Furnishing, Renovation & Maintenance

3 Impressive Feats of Modern Ibiza Architecture

The international community that calls Ibiza it’s home (or at least its favourite holiday destination!) gives a cosmopolitan mix of different cultures and styles to the tiny island – making it a hub of creativity, and that extends further than just music and fashion… If you’re looking for some architectural or interior design inspiration from the White Isle, check out these few Modern Ibizan achievements.

Image Courtesy of Standard StudioThe Ibiza Campo House

By: Standard Studio, Netherlands

Where: San Lorenzo, North

About: What was formally an old stable and storage space has been revamped into a light, bright, and airy self-sufficient studio apartment. Without ruining the original charm and character of the property, Standard Studio’s new venture, Ibiza Interiors, has modernised the little miniature Finca transforming it into a state-of-the-art home with all modern conveniences. A small yet amazingly well-designed space now appears wide and spacious because each element of the design has been carefully considered with functionality at its forefront.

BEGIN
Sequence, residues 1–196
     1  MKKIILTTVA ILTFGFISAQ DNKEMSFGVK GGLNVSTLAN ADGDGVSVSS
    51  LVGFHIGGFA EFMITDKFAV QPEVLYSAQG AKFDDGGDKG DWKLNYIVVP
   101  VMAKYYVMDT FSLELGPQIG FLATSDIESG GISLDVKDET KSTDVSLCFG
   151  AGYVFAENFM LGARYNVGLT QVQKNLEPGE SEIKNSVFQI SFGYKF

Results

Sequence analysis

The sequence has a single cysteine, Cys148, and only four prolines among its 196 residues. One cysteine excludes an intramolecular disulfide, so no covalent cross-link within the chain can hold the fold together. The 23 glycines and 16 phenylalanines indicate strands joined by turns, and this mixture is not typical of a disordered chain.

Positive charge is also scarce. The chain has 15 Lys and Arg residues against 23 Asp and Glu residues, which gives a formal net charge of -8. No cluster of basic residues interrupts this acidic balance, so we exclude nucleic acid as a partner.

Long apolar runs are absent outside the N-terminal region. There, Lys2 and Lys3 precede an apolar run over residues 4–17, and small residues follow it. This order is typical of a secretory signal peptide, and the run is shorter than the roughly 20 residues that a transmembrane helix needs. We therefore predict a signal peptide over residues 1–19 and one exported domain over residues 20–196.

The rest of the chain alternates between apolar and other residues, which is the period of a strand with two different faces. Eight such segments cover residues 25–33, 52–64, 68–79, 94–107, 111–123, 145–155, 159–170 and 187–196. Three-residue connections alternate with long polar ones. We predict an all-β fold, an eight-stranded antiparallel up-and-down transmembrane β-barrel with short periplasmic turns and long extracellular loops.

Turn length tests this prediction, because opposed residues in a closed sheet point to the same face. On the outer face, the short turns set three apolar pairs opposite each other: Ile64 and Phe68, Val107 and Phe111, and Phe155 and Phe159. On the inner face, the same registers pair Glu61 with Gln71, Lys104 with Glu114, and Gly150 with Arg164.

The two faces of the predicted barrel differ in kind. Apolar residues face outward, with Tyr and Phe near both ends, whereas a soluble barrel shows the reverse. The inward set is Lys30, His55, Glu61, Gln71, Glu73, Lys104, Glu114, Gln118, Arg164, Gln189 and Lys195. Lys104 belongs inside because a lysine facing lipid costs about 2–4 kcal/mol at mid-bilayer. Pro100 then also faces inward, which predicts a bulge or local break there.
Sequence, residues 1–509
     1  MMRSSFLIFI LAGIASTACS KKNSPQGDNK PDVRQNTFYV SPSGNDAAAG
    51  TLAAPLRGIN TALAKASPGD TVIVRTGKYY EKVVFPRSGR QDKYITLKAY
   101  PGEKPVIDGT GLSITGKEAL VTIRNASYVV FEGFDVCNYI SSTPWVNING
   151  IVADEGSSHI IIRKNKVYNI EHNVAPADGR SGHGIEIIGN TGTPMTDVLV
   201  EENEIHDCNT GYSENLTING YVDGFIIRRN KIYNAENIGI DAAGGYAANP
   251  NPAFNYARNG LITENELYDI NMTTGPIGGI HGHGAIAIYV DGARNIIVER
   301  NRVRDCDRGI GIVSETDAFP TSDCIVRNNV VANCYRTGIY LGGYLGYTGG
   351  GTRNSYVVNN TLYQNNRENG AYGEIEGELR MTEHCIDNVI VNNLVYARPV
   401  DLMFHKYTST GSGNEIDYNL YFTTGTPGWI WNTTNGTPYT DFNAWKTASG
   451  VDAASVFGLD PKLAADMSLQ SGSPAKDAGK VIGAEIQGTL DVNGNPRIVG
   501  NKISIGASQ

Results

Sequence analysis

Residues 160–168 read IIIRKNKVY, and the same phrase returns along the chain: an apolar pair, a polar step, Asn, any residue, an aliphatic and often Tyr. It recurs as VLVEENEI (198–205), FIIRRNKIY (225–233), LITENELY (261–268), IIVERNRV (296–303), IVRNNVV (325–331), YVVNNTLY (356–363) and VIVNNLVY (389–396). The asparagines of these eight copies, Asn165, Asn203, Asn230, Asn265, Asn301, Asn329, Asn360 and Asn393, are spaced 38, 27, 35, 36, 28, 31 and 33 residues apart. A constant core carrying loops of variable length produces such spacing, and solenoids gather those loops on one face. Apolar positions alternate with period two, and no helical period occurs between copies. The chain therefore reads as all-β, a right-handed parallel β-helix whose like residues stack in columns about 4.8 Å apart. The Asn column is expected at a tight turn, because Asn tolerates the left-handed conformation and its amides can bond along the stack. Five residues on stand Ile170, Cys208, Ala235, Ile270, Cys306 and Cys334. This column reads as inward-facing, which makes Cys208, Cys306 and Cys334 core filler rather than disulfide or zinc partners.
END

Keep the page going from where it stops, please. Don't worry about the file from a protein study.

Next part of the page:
Image Courtesy of Blakstad DesignCan Olive

By: Blakstad Design Consultants

Where: Near to Jesus, South

About: Probably the most iconic architects on the island, the Blakstad’s family’s style is synonymous with Ibiza home design. Masters in modernising the traditional Ibizan farmhouses, whilst still maintaining homage to the local culture and history – the Finca Can Olive, with its spectacular views and eye for typically Ibicenco details, doesn’t let you down.

Image Courtesy of Mixis Arquietectos

Casa SongLines

By:Mixis Arquietectos

Where: Es Cubells, South West

About: Standing out from the classic white Ibizan Finca, local Architects, Mixis’ have made the most of the rare bit of privacy provided by the forest that surrounds this villa, to create a texture-inspired distinctive design. An experimentation in contrast, modern glass and industrial design styles mix with the natural materials (both from the surrounding forest and used within the building itself) to play with shadows and reflections, as a threshold between the real and the abstract.

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